Updated: May 17
The market for suppliers of electronic services is expanding globally and various tax jurisdictions are implementing VAT legislation to cater for this. As a result, more foreign “electronic services” (e-services) providers will have additional VAT liabilities in tax jurisdictions which were historically not taxed or taxed in the hands of the recipient of the service.
South Africa has already introduced legislation which requires foreign suppliers of e-services to register for VAT and to charge VAT to its customers who are based in South Africa. Most VAT systems utilized globally are designed to provide a detailed audit trail and it is therefore imperative that the correct source documents are issued and retained by the suppliers of e-services. In South Africa, these suppliers are required to comply with section 20(5B) of the Value-added Tax Act, 1991 (“the Act”) when issuing invoices to its customers. Non-compliance may result in penalties and interest.
SARS has published a public notice on 10 December 2021 prescribing the particulars that must be included in a tax invoice, where the supply is made by any foreign e-services providers:
The name and VAT registration number of the supplier of the electronic service;
The name and, where the recipient of the electronic service is a vendor, the VAT registration number of the recipient of the electronic service;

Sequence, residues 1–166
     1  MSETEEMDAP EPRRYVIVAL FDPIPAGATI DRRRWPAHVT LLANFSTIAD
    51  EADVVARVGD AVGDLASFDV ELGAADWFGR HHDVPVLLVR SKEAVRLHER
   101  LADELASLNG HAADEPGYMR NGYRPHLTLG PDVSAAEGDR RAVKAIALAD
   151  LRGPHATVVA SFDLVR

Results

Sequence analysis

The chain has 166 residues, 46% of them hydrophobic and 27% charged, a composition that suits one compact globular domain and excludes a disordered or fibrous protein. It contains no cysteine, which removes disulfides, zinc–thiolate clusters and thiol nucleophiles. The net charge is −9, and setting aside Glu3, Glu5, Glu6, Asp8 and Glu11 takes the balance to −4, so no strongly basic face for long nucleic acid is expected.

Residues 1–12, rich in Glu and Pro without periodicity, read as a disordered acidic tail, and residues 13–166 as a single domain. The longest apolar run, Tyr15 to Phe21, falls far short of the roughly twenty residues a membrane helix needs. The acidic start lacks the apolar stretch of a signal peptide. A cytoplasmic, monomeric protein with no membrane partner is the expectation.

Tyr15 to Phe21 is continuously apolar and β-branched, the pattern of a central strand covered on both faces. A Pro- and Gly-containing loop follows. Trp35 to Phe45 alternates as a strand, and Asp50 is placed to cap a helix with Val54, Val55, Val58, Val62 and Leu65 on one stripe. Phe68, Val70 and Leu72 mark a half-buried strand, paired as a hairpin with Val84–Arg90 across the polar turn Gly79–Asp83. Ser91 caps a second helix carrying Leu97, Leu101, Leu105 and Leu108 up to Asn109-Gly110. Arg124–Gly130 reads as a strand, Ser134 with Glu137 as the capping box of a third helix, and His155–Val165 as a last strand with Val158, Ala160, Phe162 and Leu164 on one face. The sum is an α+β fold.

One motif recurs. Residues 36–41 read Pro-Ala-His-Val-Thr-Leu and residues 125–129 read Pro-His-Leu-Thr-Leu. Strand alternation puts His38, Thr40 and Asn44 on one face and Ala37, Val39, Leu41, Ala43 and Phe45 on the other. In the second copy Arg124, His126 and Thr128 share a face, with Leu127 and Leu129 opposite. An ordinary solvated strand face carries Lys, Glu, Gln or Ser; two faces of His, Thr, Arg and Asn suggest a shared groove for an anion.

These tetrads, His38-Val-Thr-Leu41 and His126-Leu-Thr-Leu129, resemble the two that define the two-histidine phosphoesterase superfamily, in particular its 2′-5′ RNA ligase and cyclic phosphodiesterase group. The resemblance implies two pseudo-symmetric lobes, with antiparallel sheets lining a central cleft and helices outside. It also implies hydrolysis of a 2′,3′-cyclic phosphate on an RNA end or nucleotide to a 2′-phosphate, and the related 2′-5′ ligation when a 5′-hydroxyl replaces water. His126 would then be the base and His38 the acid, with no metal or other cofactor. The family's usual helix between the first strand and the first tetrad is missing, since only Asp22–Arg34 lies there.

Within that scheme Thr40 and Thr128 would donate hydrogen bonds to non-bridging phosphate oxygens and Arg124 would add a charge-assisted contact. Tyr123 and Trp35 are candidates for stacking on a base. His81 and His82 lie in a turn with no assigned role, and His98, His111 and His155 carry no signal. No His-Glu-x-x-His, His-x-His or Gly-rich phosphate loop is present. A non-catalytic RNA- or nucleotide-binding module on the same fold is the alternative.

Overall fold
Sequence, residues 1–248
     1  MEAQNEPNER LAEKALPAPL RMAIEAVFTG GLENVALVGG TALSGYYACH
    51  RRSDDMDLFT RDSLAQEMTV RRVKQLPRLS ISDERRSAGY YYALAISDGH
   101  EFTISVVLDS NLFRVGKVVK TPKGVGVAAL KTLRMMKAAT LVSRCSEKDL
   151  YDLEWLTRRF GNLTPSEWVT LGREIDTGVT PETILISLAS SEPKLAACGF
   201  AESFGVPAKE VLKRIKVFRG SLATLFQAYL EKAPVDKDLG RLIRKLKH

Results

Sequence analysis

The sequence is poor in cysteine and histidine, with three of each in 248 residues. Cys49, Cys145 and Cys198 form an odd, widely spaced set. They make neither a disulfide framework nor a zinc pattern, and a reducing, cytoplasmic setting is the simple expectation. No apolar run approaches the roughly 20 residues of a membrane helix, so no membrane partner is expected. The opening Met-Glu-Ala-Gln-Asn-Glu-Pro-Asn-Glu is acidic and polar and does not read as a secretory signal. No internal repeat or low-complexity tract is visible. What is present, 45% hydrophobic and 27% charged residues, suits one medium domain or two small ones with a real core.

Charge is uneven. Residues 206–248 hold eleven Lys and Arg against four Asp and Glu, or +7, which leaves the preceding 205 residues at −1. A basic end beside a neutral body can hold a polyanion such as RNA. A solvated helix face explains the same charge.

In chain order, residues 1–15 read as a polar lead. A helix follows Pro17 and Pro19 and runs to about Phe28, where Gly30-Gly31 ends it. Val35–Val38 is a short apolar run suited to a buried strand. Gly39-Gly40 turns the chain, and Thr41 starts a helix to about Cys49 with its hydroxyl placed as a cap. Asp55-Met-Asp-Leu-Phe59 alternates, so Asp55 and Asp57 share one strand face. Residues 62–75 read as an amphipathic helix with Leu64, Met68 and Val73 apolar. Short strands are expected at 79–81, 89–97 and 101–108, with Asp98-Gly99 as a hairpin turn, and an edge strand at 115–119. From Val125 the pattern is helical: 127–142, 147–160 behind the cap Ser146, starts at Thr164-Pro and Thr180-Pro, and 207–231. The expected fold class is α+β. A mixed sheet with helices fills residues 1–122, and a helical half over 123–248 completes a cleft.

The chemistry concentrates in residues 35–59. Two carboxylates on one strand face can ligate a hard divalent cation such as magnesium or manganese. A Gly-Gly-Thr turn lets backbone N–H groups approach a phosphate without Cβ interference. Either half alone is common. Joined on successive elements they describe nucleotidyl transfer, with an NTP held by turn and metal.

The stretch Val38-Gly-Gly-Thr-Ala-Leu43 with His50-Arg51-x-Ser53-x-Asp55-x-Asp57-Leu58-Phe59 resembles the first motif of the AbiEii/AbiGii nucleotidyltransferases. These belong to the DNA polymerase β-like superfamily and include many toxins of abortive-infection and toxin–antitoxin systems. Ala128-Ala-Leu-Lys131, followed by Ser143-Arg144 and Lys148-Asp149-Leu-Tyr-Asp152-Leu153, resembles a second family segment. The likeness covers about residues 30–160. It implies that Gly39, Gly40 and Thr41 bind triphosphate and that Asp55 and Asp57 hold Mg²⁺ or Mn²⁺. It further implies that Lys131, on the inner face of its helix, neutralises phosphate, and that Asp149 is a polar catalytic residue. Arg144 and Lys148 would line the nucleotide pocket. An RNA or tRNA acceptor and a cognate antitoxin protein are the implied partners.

The business address, residential address, or postal address of the recipient of the electronic service;
An individual serialized number;
The issue date on the tax invoice;
A full description of the electronic services supplied; and
The consideration in money for the supply in the currency of any country
and if the consideration is reflected in the currency of—
o the Republic—
the value of the supply; and
the amount of tax charged or a statement that the consideration includes a charge in respect of the tax and the rate at which the tax was charged; or
o any country other than the Republic—
the amount of the tax charged in the currency of the Republic and the exchange rate used; or
a separate document issued by the electronic services supplier reflecting the amount of tax charged in the currency of the Republic and the exchange rate used.
Lastly, SARS prescribes that the following exchange rates must be utilized when converting foreign currency transactions to ZAR:
The South African Reserve Bank (www.resbank.co.za);
Bloomberg (www.bloomberg.com); or
the European Central Bank (www.ecb.europa.eu).
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Article by: Ruan Jansen van Vuuren